June 2017 … Working on his school’s health newspaper helped Ian Kaplan “be a curious and more talkative—in a good way—person,” the Highland Park Elementary School student told a crowd of some 200 community members at a Healthy NewsWorks celebration on May 31.
“Being a reporter was one of the best experiences I ever had,” he said.
The fourth grader spoke during the book-signing celebration marking the publication of Leading Healthy Change In Our Communities 2017, the sixth in a series of Healthy NewsWorks books on leaders who are making the Philadelphia region healthier.
Siobhan Reardon, president and director of the Free Library of Philadelphia, who was a 2013 health leader herself, delivered the keynote remarks.
The book includes profiles of a dozen leaders, 10 of whom were on hand to sign copies of the books. They were joined by 19 of the more than 110 student authors who helped produce the book, as members of the community asked questions and learned about the book and the Healthy NewsWorks program.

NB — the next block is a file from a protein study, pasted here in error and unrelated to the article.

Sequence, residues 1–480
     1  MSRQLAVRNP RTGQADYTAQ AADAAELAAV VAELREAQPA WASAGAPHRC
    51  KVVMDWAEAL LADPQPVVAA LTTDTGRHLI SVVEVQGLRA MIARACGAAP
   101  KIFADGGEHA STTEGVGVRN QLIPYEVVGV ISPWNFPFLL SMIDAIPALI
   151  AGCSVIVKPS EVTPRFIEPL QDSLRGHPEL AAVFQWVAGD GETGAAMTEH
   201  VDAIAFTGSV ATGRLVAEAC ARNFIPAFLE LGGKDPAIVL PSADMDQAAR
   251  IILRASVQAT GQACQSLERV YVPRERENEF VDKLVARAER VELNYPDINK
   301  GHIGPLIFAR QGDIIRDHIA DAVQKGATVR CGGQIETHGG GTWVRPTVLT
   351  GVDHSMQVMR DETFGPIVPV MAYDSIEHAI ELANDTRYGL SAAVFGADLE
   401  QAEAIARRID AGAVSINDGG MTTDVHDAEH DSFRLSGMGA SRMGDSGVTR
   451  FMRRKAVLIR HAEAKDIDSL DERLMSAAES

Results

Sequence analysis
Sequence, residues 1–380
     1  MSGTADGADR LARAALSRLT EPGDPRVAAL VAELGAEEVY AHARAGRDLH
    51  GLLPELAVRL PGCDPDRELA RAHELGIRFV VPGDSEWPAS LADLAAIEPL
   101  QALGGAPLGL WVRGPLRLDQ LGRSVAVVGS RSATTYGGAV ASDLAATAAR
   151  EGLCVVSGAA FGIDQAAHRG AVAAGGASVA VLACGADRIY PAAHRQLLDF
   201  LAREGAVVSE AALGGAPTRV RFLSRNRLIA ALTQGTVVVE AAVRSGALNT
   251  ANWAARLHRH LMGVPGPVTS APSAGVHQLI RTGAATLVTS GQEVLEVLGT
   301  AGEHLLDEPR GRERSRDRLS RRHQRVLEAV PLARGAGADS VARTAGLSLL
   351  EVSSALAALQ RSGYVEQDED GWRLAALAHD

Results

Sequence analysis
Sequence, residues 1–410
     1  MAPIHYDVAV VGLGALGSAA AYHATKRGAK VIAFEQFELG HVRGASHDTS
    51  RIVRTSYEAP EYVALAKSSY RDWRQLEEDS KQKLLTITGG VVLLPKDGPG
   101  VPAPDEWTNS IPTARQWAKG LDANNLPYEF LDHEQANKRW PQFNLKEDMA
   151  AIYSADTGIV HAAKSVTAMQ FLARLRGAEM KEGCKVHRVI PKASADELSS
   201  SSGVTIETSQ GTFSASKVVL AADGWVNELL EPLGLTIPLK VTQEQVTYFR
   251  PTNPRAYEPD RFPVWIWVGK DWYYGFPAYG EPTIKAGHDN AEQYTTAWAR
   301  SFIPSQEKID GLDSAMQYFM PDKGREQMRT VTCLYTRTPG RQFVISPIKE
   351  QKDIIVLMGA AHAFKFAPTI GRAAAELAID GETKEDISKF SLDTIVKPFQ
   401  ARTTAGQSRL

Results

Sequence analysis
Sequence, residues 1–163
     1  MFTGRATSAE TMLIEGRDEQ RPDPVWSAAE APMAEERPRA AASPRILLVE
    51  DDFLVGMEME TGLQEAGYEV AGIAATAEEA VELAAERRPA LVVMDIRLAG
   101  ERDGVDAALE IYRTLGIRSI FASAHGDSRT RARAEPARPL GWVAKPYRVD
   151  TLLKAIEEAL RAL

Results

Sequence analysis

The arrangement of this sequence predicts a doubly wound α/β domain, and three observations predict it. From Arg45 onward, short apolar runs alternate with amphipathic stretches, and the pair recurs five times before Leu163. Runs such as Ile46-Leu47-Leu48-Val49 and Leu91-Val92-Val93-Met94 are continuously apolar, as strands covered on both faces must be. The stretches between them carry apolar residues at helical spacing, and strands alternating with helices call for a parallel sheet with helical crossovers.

Several other leaders honored in past years also attended, including three whose accomplishments since their original recognition are featured in the 2017 book.
Copies of the book will be distributed in schools and other community venues in the coming months.
Dean Millard, an eighth grader at East Norriton Middle School, reflected on the many health leaders he had helped interview during seven years on the staffs of Healthy NewsWorks newspapers at two schools. “In these interviews, I have learned about their lives, the positive work that they contribute to the community, and many other things,” he said.
Victoria Strickland, a classroom teacher completing her seventh year as editor of the East Norriton Bulldog Bulletin, spoke of how she enjoys watching student reporters “get excited about ideas, jumping at the chance to do research, and head out around the school to conduct interviews.”